Unlike his contemporaries in the singer/songwriter community, Randy Newman has displayed little interest in writing about himself, with nearly every song in his repertoire set in the voice of some imagined character. So 1988's Land of Dreams was startling because its first three songs formed a triptych about Newman's childhood; for the first time on one of his albums, Newman was clearly writing about his own life, and the results were extraordinary. "Dixie Flyer" tells how Newman and his mother came to move from Los Angeles to New Orleans during World War II; "New Orleans Wins the War" introduces young Newman to the issues of race in the Deep South as he ponders the odd realities of life in "The City That Care Forgot"; in "Four Eyes," cross-eyed Newman is forced to confront responsibility (and cruelty) for the first time on his first day in school. But while Land of Dreams begins as an unusually strong and compelling concept album, Newman apparently lost interest in writing about himself, and from track four onward, Land of Dreams is content to pick up where Trouble in Paradise left off. Themes of race and class in America dominate the second half of the album, most potently on "Roll With the Punches" and "I Want You to Hurt Like I Do," two "responses" to the grandstanding compassion of "We Are the World." Land of Dreams is a strong piece of work from Randy Newman, but if he'd had the courage to follow what he'd started with the first three songs, he might have had a masterpiece.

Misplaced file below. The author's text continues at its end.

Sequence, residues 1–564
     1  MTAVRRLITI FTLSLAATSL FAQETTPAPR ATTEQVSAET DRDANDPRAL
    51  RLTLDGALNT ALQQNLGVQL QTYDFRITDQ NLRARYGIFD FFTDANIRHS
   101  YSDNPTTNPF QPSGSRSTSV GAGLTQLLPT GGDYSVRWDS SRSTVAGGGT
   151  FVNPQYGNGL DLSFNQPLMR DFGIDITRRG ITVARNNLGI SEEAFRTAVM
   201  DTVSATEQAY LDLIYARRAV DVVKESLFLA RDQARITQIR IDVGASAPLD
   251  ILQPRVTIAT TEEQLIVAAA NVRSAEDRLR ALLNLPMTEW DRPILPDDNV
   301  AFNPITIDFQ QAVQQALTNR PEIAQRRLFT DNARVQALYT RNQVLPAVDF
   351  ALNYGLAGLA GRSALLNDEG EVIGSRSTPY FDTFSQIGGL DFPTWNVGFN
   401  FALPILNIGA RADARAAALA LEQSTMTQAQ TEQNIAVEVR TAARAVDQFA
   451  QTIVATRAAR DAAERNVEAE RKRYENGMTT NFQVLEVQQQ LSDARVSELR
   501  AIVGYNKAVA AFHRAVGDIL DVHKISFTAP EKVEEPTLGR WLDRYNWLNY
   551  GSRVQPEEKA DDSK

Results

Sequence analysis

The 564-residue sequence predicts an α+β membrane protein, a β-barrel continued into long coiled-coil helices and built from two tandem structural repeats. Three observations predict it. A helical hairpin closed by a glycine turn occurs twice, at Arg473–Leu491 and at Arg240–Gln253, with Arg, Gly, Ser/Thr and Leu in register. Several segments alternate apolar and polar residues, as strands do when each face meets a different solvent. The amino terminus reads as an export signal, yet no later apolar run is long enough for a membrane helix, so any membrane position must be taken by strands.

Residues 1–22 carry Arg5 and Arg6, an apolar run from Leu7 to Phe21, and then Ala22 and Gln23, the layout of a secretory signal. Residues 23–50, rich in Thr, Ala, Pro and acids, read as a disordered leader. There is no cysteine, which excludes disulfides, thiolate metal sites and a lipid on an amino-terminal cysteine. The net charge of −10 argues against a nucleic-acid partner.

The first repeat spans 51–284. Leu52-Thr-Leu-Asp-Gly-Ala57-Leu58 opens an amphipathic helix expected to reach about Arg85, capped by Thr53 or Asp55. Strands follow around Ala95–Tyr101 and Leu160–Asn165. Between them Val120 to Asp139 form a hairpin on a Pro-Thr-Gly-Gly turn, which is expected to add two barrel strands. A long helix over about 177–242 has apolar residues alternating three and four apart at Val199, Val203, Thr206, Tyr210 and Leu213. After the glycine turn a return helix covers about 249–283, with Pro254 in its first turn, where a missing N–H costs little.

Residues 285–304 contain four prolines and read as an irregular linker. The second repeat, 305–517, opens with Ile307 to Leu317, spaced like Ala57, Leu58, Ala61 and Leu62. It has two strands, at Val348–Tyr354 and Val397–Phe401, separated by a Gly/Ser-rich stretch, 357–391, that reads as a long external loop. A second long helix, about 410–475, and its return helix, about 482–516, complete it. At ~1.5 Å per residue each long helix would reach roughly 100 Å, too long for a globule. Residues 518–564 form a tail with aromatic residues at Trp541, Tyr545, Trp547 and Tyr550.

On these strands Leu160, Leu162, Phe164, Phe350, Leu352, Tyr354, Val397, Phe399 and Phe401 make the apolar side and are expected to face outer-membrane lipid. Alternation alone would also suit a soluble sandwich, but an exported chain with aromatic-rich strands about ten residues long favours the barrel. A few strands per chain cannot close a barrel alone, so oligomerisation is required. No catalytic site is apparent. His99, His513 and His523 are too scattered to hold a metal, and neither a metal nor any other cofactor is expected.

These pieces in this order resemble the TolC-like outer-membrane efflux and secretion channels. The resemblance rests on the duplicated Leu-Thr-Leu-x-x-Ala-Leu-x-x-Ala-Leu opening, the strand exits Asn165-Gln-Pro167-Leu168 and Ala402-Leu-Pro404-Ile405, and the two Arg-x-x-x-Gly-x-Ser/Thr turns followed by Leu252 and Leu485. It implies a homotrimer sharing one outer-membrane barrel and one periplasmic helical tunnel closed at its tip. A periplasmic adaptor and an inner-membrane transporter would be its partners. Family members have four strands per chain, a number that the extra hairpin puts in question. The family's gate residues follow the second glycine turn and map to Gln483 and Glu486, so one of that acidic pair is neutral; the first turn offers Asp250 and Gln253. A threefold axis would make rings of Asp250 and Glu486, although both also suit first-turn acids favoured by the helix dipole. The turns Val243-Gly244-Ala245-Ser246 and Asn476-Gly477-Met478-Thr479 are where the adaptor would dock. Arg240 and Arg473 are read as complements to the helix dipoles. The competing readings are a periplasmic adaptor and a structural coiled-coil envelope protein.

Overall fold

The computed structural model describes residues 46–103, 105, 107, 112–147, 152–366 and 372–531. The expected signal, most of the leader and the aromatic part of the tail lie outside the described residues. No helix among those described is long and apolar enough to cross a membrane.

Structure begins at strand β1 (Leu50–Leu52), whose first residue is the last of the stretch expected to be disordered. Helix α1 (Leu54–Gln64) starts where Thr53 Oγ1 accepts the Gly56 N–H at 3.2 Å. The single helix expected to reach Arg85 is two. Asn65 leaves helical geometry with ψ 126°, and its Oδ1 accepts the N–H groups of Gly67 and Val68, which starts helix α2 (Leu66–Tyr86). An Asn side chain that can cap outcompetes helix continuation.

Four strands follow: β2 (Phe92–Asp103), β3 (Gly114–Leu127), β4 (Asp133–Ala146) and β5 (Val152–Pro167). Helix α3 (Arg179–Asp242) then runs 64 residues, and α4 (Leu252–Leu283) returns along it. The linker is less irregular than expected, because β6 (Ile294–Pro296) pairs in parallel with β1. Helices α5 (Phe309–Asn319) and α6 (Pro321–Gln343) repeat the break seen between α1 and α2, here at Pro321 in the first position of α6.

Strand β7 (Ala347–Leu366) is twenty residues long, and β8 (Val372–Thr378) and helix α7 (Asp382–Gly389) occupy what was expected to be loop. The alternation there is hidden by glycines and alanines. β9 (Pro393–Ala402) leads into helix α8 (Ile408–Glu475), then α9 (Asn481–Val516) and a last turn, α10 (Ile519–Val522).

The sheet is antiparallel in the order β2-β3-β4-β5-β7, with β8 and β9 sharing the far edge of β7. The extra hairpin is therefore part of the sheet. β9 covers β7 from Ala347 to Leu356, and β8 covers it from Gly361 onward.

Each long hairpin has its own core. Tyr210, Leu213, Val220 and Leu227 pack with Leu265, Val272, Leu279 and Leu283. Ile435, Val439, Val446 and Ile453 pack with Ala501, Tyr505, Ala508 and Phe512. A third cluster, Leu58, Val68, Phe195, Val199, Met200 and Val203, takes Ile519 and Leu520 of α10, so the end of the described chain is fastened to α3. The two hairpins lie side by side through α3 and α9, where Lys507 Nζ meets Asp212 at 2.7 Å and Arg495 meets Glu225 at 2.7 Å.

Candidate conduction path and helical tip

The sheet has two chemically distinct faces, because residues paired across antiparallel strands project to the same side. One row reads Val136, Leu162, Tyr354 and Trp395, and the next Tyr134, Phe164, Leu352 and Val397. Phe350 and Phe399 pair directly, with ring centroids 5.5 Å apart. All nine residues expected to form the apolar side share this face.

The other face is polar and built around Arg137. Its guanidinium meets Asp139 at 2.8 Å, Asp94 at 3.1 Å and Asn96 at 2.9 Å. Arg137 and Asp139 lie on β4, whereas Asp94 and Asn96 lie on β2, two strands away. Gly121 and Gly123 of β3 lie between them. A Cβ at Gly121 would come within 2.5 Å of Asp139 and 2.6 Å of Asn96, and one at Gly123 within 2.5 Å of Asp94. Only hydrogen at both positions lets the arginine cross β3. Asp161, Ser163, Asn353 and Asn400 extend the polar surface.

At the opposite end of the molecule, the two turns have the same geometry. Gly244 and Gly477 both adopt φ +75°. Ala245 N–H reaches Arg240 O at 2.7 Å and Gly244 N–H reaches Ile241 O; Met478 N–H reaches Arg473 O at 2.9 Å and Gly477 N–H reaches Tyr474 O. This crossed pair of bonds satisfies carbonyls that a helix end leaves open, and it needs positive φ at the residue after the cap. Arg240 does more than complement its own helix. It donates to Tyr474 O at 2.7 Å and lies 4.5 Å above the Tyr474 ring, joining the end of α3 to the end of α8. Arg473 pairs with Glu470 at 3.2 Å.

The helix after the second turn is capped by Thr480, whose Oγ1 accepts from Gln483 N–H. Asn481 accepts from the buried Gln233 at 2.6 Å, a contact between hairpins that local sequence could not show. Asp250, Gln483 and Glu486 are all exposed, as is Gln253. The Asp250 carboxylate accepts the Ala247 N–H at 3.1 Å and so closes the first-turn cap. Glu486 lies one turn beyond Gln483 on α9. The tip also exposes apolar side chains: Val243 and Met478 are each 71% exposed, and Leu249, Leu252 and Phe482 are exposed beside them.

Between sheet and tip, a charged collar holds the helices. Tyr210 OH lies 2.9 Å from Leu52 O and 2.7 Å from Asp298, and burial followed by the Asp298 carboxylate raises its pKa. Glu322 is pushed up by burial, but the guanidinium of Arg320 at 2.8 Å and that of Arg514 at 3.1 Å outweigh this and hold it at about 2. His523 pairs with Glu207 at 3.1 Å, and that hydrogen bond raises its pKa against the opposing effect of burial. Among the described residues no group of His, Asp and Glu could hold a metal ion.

AllMusic Review by Mark Deming